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News & Media

Principal’s Address

Posted on by Classical School

Hello Classical School Families,

I have been thrilled to have met so many of you and your children at the Meet and Greet, in the hallways, and outside before and after school. Relationships are key to building a strong working foundation and it is one part of my job that I enjoy immensely. Please stop in sometime or catch me outside if we have not been introduced!

My professional career has taken an interesting path thus far and my work here at Classical School adds to my varied and wonderful experiences. I began my career here in Appleton many years ago but in more recent years, my professional path went abroad. I was the Superintendent/Director of Schools in Tarsus, Turkey; Lahore, Pakistan; Kuwait City, Kuwait and Douala, Cameroon. I also lead The Village School in Houston, Texas – a high-powered and high expectation private prep school. In each of these positions our focus was preparing our students to be accepted into their first choice university. I’ve seen firsthand how hard kids around the world are studying for those precious university seats. I’ve reflected on what we need to do here in the United States in order to compete with these international students – I’ve concluded many thoughts but one that resonates is that this prep work begins way before high school.

At Classical School the Core Knowledge curriculum is robust. The coursework is rigorous. Teacher expectations are high. These school characteristics allow for a solid base of knowledge to be put in place at an early age. It is a base that will be drawn upon heavily as the student progresses through their education. We know there is articulation between courses and grades. If I am a fourth grade teacher I KNOW what my students learned in Grade 3. We avoid gaps in learning and eliminate redundancy in our teaching. This program does not stifle great teaching but makes it more effective and focused. We do our part in preparing young students to move ahead successfully in their educational pursuits.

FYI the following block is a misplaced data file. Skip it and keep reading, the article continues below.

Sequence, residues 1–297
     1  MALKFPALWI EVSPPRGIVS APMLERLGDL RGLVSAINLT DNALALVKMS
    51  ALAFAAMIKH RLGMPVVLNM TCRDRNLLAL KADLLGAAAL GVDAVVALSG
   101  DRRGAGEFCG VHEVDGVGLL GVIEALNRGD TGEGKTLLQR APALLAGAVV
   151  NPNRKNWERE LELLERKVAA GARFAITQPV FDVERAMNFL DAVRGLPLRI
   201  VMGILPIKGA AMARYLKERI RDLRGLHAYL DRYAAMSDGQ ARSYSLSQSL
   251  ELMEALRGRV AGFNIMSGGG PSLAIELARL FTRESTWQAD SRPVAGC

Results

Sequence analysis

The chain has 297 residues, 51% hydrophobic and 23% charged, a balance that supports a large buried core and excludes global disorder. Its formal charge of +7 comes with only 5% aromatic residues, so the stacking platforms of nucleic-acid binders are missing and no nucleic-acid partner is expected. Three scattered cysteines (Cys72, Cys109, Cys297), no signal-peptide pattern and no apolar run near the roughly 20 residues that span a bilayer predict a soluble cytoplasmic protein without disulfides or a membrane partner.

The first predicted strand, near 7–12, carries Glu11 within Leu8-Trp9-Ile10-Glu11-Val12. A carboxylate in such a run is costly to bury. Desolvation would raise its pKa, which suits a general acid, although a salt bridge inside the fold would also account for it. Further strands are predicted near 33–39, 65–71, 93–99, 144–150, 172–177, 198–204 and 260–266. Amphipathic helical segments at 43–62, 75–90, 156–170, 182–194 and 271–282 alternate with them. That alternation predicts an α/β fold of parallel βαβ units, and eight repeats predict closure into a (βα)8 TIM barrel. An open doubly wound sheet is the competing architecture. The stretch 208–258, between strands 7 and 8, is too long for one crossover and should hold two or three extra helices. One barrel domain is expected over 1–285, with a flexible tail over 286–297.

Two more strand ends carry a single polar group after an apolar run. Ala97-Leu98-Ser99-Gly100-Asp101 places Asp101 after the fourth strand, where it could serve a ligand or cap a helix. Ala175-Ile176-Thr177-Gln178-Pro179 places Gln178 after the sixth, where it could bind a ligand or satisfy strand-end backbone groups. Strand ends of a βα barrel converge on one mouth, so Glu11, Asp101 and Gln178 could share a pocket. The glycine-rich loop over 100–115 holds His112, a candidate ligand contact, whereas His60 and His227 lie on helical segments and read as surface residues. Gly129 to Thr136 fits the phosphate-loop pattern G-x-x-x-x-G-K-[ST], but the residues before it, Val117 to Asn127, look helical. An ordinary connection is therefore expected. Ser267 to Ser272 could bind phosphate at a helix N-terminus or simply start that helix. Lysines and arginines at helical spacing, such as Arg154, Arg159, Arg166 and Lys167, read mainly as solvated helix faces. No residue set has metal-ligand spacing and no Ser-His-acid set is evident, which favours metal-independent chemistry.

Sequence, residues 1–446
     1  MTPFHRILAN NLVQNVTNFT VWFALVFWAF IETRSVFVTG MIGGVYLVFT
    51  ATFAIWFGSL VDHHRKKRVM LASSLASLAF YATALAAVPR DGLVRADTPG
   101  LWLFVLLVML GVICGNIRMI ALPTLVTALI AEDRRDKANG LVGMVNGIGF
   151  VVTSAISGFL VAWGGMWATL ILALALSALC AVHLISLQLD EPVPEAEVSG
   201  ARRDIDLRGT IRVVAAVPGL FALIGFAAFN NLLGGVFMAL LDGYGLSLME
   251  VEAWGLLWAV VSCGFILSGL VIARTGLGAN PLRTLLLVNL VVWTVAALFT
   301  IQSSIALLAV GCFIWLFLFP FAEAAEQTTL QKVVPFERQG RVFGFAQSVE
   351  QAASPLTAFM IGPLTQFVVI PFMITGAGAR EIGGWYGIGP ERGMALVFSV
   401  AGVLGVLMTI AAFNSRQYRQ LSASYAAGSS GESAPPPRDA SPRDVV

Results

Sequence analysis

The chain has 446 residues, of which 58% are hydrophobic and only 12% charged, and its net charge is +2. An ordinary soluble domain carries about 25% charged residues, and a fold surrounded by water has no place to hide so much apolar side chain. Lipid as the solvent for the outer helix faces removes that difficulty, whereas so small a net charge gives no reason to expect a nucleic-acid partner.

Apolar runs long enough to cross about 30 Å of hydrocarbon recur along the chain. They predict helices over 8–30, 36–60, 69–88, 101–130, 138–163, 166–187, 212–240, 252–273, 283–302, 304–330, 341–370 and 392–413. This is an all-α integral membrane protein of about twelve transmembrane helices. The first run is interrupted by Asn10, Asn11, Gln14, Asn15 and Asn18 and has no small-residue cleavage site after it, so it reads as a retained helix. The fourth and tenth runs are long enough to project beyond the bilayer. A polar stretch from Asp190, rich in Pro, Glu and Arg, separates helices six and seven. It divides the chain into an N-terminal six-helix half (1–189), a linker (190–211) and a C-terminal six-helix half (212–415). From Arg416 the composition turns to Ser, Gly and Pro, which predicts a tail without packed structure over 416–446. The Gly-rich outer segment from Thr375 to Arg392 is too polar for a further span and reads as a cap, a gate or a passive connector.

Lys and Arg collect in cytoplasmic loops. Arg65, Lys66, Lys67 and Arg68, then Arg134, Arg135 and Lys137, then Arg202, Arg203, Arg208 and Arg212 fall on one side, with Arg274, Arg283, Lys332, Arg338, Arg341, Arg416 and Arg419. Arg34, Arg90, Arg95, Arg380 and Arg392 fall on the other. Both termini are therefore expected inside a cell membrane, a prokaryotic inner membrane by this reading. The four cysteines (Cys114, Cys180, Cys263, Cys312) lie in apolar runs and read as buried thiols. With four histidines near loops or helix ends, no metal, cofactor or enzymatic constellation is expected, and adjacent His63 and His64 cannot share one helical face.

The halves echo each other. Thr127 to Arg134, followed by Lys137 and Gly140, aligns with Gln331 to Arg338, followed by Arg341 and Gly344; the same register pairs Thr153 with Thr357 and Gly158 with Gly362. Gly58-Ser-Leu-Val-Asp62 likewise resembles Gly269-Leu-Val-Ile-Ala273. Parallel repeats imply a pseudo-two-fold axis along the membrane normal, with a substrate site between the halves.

I love to learn. Learning is fun for me and I love to watch children learn! While in Turkey, I studied Turkish in Ankara. During the six years we worked in Kuwait, I studied Arabic. My purpose for this was not really to be able to speak Arabic but to see the challenges that our Arabic students had in learning a new language. What are the challenges of learning a different alphabet, different ways of putting words together (three consonant root words) and writing in the opposite direction from English? Now I find myself taking an online Latin course. As Classical School begins to move purposefully into the teaching of Latin, I want to be able to see where the challenges will arise for our children and teachers. The best way to test the temperature of the water is to jump right in! I hope my love for learning and modeling courage in learning something new will permeate the fabric of Classical School and resonate with the students and staff. How fortunate we are to be in a community that celebrates the acquisition of knowledge!

With Great Respect for Where We Have Been and Looking Forward to Our Future,

Dr. Bernard Mitchell

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